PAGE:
INDIA: Manual scavenging, the curse of a nation
A Written Submission to the 36th Regular Session of UN Human Rights Council by the Asian Legal Resource Centre
INDIA: Manual scavenging, the curse of a nation
1. The Asian Legal Resource Centre (ALRC) wishes to draw attention of the Human Rights Council to the continuing illegal and inhuman practice of manual scavenging that exist in India.
2. Reports indicate that in the year 2017 there were 39 deaths, of manual scavengers while at work due to the hazardous condition at work. Seven of these deaths are from the national capital. The causes for death include inhalation of toxic gases due to lack of safety equipment such as masks, gloves, protective clothing etc. Such inhuman working condition also leads to deaths of workers over a period of time due to ailments and other infections these workers contact due to exposure.
3. The prevalence of manual scavenging is despite the current government’s flagship programme known as ‘Swacch Bharat Abhiyan’ (Clean India Mission) emphasizing on building toilets and sanitary conditions especially in rural India. The scheme covers 4,041 towns and aims to clean the streets, roads, and infrastructure of the country.
4. The focus on building toilets however, has not significantly reduced the number of manual scavengers or provided for their rehabilitation. The Supreme Court of India has outlawed the practice of manual scavenging since the past several years. In its judgment, the Court had fixed the responsibility with the chief executive officer (or equivalent authority) of civic bodies where the practice is found to continue, be it a panchayat or a municipal corporation. Ending manual scavenging in these institutions by demolishing dry latrines, and stopping cleaners from entering sewers, is the primary responsibility of the chief executive officer of the local body. By failing to prevent manual scavenging, all these officers are currently violating the Supreme Court’s judgment, with impunity.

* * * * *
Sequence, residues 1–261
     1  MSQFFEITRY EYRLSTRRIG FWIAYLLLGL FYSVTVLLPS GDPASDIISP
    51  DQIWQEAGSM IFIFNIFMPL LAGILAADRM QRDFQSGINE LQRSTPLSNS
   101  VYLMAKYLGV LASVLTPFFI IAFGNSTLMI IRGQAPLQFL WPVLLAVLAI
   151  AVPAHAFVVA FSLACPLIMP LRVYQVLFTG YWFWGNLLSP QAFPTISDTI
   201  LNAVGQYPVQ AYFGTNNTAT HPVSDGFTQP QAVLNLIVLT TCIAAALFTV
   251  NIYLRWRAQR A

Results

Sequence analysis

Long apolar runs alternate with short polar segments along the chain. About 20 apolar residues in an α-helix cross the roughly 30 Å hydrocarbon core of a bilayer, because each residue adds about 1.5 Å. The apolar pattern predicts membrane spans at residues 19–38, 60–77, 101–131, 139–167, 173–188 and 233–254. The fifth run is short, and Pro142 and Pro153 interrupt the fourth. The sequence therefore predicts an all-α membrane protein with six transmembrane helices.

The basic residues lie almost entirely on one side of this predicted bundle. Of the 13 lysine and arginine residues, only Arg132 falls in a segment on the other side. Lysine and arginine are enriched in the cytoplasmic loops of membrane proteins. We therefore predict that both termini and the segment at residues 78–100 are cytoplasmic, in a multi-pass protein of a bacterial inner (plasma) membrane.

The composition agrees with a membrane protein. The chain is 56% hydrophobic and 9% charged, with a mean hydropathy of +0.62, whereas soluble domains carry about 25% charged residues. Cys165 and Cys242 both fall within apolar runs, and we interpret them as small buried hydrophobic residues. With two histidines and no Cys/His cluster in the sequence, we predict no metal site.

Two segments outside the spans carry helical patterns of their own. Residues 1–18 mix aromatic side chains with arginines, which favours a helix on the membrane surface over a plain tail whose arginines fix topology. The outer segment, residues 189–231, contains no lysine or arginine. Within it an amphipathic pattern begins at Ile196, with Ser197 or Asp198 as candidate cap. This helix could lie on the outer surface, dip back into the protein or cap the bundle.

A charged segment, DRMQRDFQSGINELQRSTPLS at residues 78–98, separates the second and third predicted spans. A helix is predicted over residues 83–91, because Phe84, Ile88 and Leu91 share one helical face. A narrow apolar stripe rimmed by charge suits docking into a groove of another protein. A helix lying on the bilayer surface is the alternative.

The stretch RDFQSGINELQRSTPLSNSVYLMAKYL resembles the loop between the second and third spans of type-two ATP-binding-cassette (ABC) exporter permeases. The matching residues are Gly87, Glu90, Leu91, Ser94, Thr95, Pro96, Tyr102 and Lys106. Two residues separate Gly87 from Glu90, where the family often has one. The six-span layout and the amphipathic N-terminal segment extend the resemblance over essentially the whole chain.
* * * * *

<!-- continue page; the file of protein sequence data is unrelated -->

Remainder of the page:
5. To avoid responsibility for the existence of scavengers in their respective states, the local bodies have roped in contractors who employ manual scavengers. Through this, the state bodies have tried to evade their responsibility with regards to complying with the prohibition. This allows the state to officially declare that they no longer employ manual scavengers. The contractors provide low wages, guarantee no rights, and no safety gear is provided to the manual scavengers they employ. As a result, those involved in scavenging stand the risk of deaths and injuries and are simultaneously rendered invisible and non-existent by the state.
6. The current estimates of manual scavengers are severely underreported by various states. It is reported that India still has 2.6 million dry toilets but the number of manual scavengers are under reported. For instance, as reported by various news websites and organisations in India, in December 2015, the state of Telangana reported 157321 dry latrines but zero manual scavengers. Himachal Pradesh declared 854 dry latrines in the state but zero manual scavengers, while Chandigarh reported 4,391 dry latrines but only 3 manual scavengers. These figures indicate that the state is consciously engaged in misinforming about the number of manual scavengers in their jurisdiction.
7. As per the government statistics in the Socio-Economic and Caste Census held in 2011, approximately 182505 houses were dependent on manual scavenging for their income. This practice continues despite the passing of The Employment of Manual Scavenging and Construction of Dry Latrines (Prohibition) Act in 1993 and a revised version of this act in 2013 which emphasized on rehabilitation of those relying on manual scavenging for their income.